We describe a trap comprised of both chemically and visually attractive stimuli for the alfalfa longhorn beetle, Plagionotus floralis (Pallas) (Coleoptera Cerambycidae Clytini), a pest causing increasingly serious damage each year in alfalfa fields in Central and Eastern Europe. Fluorescent yellow funnel traps caught significantly more P. floralis than traps with other colours, although in some tests non-fluorescent yellow traps also attracted more beetles than non-yellow traps. Fluorescent yellow reflects at a high intensity at wavelengths of 500 to 550 nm, which may account for the far better response of P. floralis. A ternary synthetic chemical lure of (E)-anethol, 1-phenylethyl alcohol, and 3-methyl-eugenol (TERN lure) generally increased the catches of P. floralis in the fluorescent yellow traps. 1-phenylethyl alcohol or 3-methyl eugenol used alone in fluorescent yellow traps caught significantly more P. floralis beetles than fluorescent yellow traps with no odour bait. The establishment of a threshold for fluorescent yellow traps with the floral attractant to monitor P. floralis populations would assist in decision making regarding the optimal application of agrotechnical measures. This protocol would improve plant protection practice with respect to both an economic and an environmental concern.
    Recent advances in nanoscale bioreplication processes present the potential for novel basic and applied research into organismal behavioral processes. Insect behavior potentially could be affected by physical features existing at the nanoscale level. We used nano-bioreplicated visual decoys of female emerald ash borer beetles (Agrilus planipennis) to evoke stereotypical mate-finding behav-ior, whereby males fly to and alight on the decoys as they would on real females. Using an industrially scalable nanomolding pro-cess, we replicated and evaluated the importance of two features of the outer cuticular surface of the beetle's wings: structural in-terference coloration of the elytra by multilayering of the epicuti-cle and fine-scale surface features consisting of spicules and spines that scatter light into intense strands. Two types of decoys that lacked one or both of these elements were fabricated, one type nano-bioreplicated and the other 3D-printed with no bioreplicated surface nanostructural elements. Both types were colored with green paint. The light-scattering properties of the nano-biorepli-cated surfaces were verified by shining a white laser on the decoys in a dark room and projecting the scattering pattern onto a white surface. Regardless of the coloration mechanism, the nano-biore-plicated decoys evoked the complete attraction and landing se-quence of Agrilus males. In contrast, males made brief flying approaches toward the decoys without nanostructured features, but diverted away before alighting on them. The nano-biorepli-cated decoys were also electroconductive, a feature used on traps such that beetles alighting onto them were stunned, killed, and collected. nanofabrication | structural color | spectral emission | visual response |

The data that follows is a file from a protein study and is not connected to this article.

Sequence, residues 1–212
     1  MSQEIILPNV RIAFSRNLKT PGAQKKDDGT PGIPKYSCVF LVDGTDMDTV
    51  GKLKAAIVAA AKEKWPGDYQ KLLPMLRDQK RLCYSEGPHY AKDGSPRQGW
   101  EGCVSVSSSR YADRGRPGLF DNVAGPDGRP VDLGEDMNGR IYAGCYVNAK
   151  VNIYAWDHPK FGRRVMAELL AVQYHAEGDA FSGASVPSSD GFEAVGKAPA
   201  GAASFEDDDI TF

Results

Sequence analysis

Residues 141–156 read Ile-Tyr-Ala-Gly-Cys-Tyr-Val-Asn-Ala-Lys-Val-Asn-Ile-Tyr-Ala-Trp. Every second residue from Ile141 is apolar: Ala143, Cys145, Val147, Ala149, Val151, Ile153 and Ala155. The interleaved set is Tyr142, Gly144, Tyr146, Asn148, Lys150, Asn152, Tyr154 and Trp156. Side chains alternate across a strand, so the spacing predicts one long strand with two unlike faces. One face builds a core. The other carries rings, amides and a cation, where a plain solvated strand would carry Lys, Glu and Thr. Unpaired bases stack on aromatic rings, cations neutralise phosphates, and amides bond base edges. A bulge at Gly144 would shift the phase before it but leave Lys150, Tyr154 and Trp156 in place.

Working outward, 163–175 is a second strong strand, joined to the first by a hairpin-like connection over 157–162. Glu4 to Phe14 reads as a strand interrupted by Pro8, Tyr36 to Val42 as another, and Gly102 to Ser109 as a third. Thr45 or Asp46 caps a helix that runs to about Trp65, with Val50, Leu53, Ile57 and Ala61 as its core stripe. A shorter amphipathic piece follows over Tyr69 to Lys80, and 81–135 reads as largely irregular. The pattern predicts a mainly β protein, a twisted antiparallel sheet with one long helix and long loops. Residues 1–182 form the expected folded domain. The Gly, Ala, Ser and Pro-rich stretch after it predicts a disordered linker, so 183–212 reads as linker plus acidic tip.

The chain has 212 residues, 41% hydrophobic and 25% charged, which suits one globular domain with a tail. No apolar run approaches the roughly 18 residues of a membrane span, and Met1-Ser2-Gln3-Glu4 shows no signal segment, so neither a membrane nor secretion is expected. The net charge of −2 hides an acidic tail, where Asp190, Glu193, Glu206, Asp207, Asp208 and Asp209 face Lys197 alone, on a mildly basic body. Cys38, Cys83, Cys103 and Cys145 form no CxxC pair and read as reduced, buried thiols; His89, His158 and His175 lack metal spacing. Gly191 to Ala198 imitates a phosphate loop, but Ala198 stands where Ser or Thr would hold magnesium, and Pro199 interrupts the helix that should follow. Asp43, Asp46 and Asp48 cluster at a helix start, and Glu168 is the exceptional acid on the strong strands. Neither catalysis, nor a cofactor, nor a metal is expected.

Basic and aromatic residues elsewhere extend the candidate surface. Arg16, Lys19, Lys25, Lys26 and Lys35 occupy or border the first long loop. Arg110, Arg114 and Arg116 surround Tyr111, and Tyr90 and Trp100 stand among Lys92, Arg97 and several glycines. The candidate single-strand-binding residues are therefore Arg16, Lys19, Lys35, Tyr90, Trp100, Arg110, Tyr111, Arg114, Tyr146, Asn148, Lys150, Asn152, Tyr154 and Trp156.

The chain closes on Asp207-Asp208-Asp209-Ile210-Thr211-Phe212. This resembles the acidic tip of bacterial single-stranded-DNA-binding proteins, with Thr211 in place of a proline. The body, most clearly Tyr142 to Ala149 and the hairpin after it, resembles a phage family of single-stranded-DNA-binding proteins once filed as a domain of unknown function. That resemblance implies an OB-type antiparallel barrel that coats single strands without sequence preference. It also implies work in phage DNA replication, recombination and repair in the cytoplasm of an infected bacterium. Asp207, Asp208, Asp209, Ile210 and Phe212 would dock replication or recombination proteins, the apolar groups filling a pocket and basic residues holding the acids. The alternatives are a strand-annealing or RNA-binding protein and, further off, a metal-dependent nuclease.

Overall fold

The superfamily Scarabaeoidea comprises a large and diverse monophyletic group. Members share ancestral characteristics, but often exhibit considerable differences in their ecology, physiology, or mating strategies. A large number of species are regarded as pests of crop or amenity plants, while others are beneficial to humans and even may be extremely rare as a result of anthropogenic activities. A significant number of chemical ecology-based studies have been conducted with the Scarabaeoidea in order to characterize semiochemicals influencing their behavior, such as pheromones and plant-derived allelochemicals. These may be used either to control or preserve populations of the beetles, depending upon pest or beneficial status. This paper is a review of the role and identity of the semiochemicals of the Scarabaeoidea, with comments on possible future research and applied opportunities in the field of chemical ecology.
    Five compounds known to be pheromone components of longhorned beetles (Coleoptera: Cerambycidae) in the subfamily Cerambycinae were field-tested as attractants and possible pheromones for the cerambycid fauna of Hungary. Nine cerambycid species were caught in baited traps. Large numbers of both sexes of the cerambycine species Molorchus umbellatarum Schreb. were caught in traps baited with (2R*,3S*)-octanediol, while the diastereomeric (2R*,3R*)-octanediol was to some extent attractive as well. This is the first report on an aggregation attractant and a likely pheromone for a species in the cerambycine tribe Molorchini. The results of our study support the hypothesis that the diol/hydroxyketone pheromone motif is characteristic of and highly conserved within the subfamily Cerambycinae. Intraspecific chemical communication is summarized for the subfamily Cerambycinae, and possible links between taxonomy, insect behaviour, and pheromone structures are described.